With Hurricane Earl forming in the Atlantic Ocean, we are reminded that we are in the middle of hurricane season; it is also a reminder that New York City, which could be in the cross hairs off Earl, is particularly vulnerable to hurricanes.
It is too early to precisely predict Hurricane Earl’s path. As of Monday evening, it could stay safely out to sea, particularly if it meets with a cold front currently traveling eastward across the United States, or it could head directly to the eastern seaboard of the United States, landing anywhere between the Carolinas and Maine.
While New York City has only been brushed by hurricanes for many decades, eventually one will hit directly. While it is still too early to determine how likely it is that Hurricane Earl will hit the New York City metro area directly, the United States Landfalling Hurricane Probability Project says there is a 90% probability of a major (Category 3 or higher) hurricane hitting the New York City area within the next fifty years.
New York City is vulnerable to major damage from a hurricane on a number of fronts and based on several factors. One is the value of the property in and around the New York metropolitan area. According to a 2007 study, the area has over $3.8 trillion worth of property that would be vulnerable during a direct hit to the city. The other dynamic at play in New York is the infrequency of major hurricanes making a direct hit. The last major hurricane to hit New York City directly occurred in 1938; few today remember it and as a result have no experience to draw upon. This leads to a certain complacency and lack of awareness of the dangers and threat.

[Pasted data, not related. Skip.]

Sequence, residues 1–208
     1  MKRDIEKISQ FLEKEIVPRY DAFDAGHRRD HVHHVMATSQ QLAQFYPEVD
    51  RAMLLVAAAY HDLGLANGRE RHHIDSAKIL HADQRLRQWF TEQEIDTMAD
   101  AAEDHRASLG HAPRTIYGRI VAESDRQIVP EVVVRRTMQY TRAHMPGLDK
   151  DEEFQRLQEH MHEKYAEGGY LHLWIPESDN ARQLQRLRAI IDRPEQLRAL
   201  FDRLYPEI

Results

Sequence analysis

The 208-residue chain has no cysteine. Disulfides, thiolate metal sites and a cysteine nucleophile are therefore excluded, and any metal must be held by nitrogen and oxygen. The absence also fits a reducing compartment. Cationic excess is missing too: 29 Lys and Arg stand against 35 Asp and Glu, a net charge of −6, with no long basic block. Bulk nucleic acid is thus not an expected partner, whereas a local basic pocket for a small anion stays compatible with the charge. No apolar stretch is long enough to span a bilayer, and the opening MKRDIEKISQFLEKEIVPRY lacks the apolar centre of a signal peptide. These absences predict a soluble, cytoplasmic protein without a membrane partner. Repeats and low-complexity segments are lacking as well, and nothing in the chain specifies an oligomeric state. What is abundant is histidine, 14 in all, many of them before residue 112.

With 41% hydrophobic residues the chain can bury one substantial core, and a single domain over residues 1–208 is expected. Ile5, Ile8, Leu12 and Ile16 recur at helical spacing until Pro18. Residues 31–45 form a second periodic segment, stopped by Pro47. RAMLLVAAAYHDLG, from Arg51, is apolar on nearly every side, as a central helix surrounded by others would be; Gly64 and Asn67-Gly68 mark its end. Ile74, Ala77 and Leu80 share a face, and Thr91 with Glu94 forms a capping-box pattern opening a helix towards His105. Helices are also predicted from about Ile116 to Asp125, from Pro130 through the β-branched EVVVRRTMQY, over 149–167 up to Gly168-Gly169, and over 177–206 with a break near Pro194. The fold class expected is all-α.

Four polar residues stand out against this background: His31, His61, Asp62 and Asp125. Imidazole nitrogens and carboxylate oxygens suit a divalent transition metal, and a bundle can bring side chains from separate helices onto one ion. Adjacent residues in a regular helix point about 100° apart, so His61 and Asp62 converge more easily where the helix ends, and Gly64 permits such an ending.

Another important factor in considering the potential damage done to New York City is the area’s reliance on bridges and tunnels. Damage to the infrastructure could make escape and rescue efforts incredibly difficult and dangerous.
Manhattan, after all, is surrounded by rivers and New York Bay. Widespread flooding, particularly in lower Manhattan and the financial district would cripple the city’s economy and would certainly have a worldwide economic impact as well.
Over the next one to two days, we should have a much clearer picture of both the strength and most likely path for Hurricane Earl. While often New York City and its residents treat developing Atlantic hurricanes as a remote threat, sooner or later a storm such as Hurricane Earl is likely to make a very powerful impact on the region and its citizens.
What’s In Store for New York’s Future?, sunnysuffolk.edu
New York City in Hurricane Earl’s cone? Weird , sun-sentinel.com